For patients, flu shot season is barely a blip on the radar—it’s the day you leave the office, pick the kids up from school a little early, and head to your doctor’s office or the nearest convenient walk-in clinic.
For healthcare facilities, things are a little more complex. Inexpensive and immensely popular, the vaccinations have become the french fries (as in, “Do you want a flu shot with that?”) of an increasingly consumerized healthcare industry.
By this point, everyone’s added a quick flu shot to the physical or routine checkup they popped in for. The result, as the above-linked resource notes, is a $4-to-$5-billion industry unto itself, with barriers to administration low enough almost any healthcare organization can offer them alongside other services.
Of course, any service that makes money hand-over-fist on one side and holds substantial population health benefits on the other can hardly be called a bad thing. Even then, the same ease and accessibility that make this manner of vaccination so compelling can be a double-edged sword for individual facilities, which must provide their normal slate of services alongside a large-and-growing influx of flu shot patients.
With the widespread geographical distribution of flu activity reported in nearly every US state, this all but guarantees “flu shot season”—which seems to begin at an earlier date each year and effectively includes everyone above the age of 6 months, per CDC recommendations—will have some potential to disrupt operations.
For organizations facing staffing and scheduling problems due to flu shot overbooking, locum tenens services represent perhaps the single best way to affordably shoulder the increase in activity without overworking personnel or scheduling patients so far out they decline (and grumble about the substandard experience online!).
Just as important, the added help can also be of huge benefit to individual employees, who may have even less capacity to deal with overwork during an inherently stressful time like the holiday season.
Overwork, Overwait, Satisfaction, and Burnout: Interlinked Factors Worth Watching During Flu Shot Season
A patient, irritated at both the length of time it took to get an appointment and the amount of time she’s spent in the waiting room thus far, taps her foot and stares at the time on her phone screen, intermittently (and loudly) sighing. Front desk staffers, who can feel the growing pressure in the waiting room like heat from an oven, are increasingly surly to the primary care-giving personnel. By the same token, caregivers feel so stretched-thin, so overworked, it is hard to think about anything but the upcoming end of their shift.
This hypothetical situation, adapted from a scene that plays out untold thousands of times every day across the country, only grows more likely as the number of appointments in a given facility grows. It also calls to a cycle that is every bit as vicious as it is counterproductive in a healthcare setting: overbooked schedule begets irritated patient begets overworked staff, a combination that can start on any step of the chain and have an immense negative effect on both employee and patient satisfaction.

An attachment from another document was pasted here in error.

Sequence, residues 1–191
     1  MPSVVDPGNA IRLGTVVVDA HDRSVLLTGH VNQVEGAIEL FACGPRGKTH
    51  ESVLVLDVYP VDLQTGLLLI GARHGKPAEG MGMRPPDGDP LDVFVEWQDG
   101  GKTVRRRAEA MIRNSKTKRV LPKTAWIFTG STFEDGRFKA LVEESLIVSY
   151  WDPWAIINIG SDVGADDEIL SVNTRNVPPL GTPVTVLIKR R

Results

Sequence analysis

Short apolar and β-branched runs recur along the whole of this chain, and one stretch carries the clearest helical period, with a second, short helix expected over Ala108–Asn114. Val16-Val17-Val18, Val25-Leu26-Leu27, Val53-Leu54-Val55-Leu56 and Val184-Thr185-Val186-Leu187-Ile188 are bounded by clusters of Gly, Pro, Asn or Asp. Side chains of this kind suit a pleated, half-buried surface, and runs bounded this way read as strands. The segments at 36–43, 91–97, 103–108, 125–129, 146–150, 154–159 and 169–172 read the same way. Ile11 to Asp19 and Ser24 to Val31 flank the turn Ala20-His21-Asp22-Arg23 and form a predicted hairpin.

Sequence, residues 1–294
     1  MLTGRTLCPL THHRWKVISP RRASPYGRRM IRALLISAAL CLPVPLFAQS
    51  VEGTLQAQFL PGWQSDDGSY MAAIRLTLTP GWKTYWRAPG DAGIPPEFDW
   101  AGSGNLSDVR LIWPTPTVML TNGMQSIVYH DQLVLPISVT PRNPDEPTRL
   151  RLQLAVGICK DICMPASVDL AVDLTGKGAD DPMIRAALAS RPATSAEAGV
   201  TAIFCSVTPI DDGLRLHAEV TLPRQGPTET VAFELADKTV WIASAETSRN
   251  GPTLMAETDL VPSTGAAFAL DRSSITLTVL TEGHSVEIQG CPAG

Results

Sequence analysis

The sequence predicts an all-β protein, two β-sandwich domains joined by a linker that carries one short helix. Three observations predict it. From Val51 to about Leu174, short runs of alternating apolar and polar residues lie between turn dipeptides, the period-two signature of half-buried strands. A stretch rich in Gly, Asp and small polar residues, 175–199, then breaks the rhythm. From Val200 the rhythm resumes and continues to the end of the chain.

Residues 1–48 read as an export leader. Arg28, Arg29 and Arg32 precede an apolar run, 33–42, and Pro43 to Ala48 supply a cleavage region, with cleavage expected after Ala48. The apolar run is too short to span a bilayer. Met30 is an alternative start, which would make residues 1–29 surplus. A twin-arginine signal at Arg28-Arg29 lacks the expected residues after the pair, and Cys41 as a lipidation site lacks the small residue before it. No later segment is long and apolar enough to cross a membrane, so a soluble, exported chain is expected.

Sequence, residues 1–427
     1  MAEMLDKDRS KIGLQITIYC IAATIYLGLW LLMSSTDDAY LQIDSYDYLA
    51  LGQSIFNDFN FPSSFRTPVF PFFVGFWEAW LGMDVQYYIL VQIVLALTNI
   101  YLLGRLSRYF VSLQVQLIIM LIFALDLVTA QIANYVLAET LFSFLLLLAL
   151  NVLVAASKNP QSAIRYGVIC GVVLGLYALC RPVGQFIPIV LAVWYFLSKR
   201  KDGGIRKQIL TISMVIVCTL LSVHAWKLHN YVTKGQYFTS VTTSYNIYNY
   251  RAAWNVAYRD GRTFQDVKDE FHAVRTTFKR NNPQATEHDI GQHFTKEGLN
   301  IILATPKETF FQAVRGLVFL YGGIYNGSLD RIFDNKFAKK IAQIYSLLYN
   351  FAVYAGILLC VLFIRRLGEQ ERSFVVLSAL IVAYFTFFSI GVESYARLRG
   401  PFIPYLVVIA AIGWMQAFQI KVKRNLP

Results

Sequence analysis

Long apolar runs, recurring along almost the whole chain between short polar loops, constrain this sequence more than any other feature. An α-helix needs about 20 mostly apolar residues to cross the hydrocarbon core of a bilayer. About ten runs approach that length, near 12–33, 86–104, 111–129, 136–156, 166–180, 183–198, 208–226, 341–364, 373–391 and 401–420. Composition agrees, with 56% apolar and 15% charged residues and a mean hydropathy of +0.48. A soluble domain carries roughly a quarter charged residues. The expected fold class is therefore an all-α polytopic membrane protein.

Those who have experienced this cycle—from either side of the counter—can undoubtedly see the positive changes that come with added help. While it hardly makes sense to bring on a new full-timer for a temporary, seasonal spike in activity, a locum is available to be there for the specified time the organization needs the extra help. An added benefit, they can arrive with little-to-no advance notice, bringing with them the precise skills, qualifications, and experience the organization requests.
In this regard, a locum’s presence has something to offer everyone in the healthcare chain.
Facilities get more appointments handled in a more timely manner, while their employees get a more realistic workload and less of the mounting pressure that comes with a full-booked wait-list.
This holds whether the facility assigns the locum a set number of all visits or assigns them to a specific task (like flu shots). Likewise, patients spend less time in the waiting room upon their arrival. Call-ins, meanwhile, spend less time between their inquiry and the date of their visit; since the facility can depend on help being there when they need it, even an anticipated increase in demand needn’t alter their short-term schedule planning.
Added Activity Doesn’t Need to Bring Added Stress
In some regards, flu shot season is like any other expected spike in activity. In others, it is a category unto itself: although the added revenues and greater ability to serve the community make offering the shots a no-brainer for many facilities, both patients and providers are well aware of the added wait they can tack on.
Instead of forcing patients to call on secondary locations due to excessive wait times—a decision that, while practical on the patient’s end, can have serious impact on continuity of care—being able promise (and deliver!) speedy shots without impacting standard appointments is a far better proposition.
In all, then, the strategic staffing of a locum can do much to offset the downsides of flu shot season—and they’re probably more affordable for a short or mid-term engagement than you’d think. Why let patients walk or simmer in a waiting room when a better option’s available?
How have flu shots helped your organization? Have their inclusion made your job more difficult at times?